Written by Adam Richardson (email@example.com), Managing Director and Owner of AR Resourcing. Adam has 20 years’ experience recruiting preconstruction, procurement and commercial professionals across the built environment industries.
With good candidates in short supply in recent years, many companies have condensed their recruitment processes to maximise the chances of offering their preferred candidate before someone else does. However, a compact recruitment process should not compromise its thoroughness. Rather you should attract better quality candidates and reduce the total time spent on hiring due to fewer false starts.
WHY A SHORT PROCESS RESULTS IN BETTER CANDIDATES
Good candidates are rarely on the market for long in the current environment so by the time protracted, or even standard length, recruitment processes finish the best candidates have often accepted offers elsewhere. Furthermore an efficient process portrays the organisation as dynamic and decisive giving candidates reassurance that they are making a good decision by accepting your offer.
STRUCTURING INTERVIEW PROCESSES
The most common reason interview processes become protracted is the availability of key decision makers. To run a successful, condensed recruitment process, block out interviewing and feedback time in the diary of all key decision makers before advertising the role. If a key individual isn’t available question whether they could participate remotely (i.e. a skype interview), whether anyone else can step in for them or whether you should delay the interview period.
PLAN THE INTERVIEWS
When interviews are days apart interviewers have time to take stock before filling in gaps at the second round interview. In condensed processes with all interviews in one day or possibly a week, ensuring the interviews are structured and co-ordinated to examine all key areas of the candidate’s skills, experience and fit systematically becomes crucial. Each interviewer should have a remit of what they are supposed to be probing and an understanding of what other interviewers will be looking at, even sharing questions in advance reduces repetition, to avoid repetition or gaps in your understanding of their skills. An in-tray or case study exercise done in advance or on the day will often provide insights and areas for discussion that would otherwise be missed.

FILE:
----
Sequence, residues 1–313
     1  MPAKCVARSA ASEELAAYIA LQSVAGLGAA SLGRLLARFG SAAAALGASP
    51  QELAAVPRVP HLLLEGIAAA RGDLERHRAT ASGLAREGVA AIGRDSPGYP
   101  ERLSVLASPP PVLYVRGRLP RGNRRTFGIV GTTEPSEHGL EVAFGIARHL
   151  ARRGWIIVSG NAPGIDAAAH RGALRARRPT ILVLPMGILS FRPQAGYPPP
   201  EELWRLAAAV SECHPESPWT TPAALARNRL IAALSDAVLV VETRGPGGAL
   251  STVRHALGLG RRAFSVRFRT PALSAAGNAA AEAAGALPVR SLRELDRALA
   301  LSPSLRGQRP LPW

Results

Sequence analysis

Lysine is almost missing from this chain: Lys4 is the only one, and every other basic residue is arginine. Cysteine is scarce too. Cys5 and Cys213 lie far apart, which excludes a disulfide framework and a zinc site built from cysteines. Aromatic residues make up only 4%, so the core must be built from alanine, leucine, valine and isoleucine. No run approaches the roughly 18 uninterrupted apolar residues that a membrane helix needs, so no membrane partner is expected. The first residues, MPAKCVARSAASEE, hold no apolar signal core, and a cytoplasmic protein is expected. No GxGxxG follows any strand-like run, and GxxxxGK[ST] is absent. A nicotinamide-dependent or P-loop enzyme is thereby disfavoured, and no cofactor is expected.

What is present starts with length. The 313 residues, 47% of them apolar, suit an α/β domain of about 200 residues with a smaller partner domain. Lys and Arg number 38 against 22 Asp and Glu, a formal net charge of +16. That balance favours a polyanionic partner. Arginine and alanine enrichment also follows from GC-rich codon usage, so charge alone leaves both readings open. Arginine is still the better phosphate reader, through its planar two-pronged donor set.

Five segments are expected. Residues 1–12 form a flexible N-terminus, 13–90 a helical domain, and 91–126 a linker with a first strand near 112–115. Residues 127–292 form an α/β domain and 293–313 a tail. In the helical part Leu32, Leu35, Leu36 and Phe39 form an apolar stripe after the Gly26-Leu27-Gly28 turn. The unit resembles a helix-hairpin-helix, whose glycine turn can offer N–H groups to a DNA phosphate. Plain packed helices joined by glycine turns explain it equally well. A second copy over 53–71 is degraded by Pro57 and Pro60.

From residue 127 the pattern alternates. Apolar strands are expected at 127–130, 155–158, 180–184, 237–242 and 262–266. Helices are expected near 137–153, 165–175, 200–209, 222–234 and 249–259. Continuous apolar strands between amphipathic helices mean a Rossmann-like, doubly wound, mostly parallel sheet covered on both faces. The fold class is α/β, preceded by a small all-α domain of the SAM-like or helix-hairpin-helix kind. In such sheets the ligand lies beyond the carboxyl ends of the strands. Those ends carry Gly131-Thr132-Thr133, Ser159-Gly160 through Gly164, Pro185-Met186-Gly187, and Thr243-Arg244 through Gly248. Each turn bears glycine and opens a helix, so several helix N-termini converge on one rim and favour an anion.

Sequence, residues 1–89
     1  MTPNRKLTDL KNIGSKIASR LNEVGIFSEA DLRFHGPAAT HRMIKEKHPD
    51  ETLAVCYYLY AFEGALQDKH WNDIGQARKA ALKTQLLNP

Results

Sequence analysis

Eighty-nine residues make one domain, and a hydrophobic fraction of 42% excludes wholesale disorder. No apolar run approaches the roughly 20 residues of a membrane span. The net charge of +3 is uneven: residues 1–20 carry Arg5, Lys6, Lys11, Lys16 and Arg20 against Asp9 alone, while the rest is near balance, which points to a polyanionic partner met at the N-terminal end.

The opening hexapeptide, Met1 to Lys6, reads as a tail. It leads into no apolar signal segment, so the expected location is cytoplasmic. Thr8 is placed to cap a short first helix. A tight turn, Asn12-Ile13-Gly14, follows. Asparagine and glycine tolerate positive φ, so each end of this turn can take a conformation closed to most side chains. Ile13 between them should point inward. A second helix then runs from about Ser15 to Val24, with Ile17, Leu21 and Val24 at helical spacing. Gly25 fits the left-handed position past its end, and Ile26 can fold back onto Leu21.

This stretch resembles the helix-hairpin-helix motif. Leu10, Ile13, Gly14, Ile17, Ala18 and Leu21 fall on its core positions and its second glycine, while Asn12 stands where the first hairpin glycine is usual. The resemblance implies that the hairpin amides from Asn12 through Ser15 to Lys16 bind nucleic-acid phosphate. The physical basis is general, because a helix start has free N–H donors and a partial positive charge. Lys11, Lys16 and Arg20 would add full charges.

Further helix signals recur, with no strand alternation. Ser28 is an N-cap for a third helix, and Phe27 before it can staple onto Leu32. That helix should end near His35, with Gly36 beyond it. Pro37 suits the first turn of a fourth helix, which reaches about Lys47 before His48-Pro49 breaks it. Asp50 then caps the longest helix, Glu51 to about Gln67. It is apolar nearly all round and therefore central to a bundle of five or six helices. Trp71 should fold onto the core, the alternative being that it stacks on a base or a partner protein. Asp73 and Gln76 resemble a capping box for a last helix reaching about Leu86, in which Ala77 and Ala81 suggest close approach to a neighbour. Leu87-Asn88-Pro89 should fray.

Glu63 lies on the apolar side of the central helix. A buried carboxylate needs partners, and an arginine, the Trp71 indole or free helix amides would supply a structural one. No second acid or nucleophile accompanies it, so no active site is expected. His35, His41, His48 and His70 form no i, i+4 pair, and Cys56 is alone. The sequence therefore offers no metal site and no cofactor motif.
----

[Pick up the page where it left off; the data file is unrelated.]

During the interviews, the interviewer should particularly ask what the candidate has previously achieved and how they did it. Encourage the candidate to talk about what they did and the impact it had rather than talking in broad terms about the team’s achievement. Go into detail about how they approached different challenges as this will give a real indication of their personality and approach as well as potentially uncovering areas where they are exaggerating their role. The more examples you extract the better.
When considering the candidates cultural fit, interviewers need to understand that they are looking for how effective the candidate’s personality and style will be to achieving the objectives of the role rather than how well they will fit in. This is particularly important when the role needs to instigate changes.
SELL THE ROLE AND COMPANY
Given the candidate shortage in many sectors, good candidates are likely to receive multiple offers. The most successful interviewers probe candidates about what they are looking for from a company and role before highlighting how this opportunity fits with that wish-list.
Condensing interview processes takes time, energy and planning up front but you will find that you get better candidates accepting offers, the team spends less time finding and interviewing candidates and the business does better as a result long term.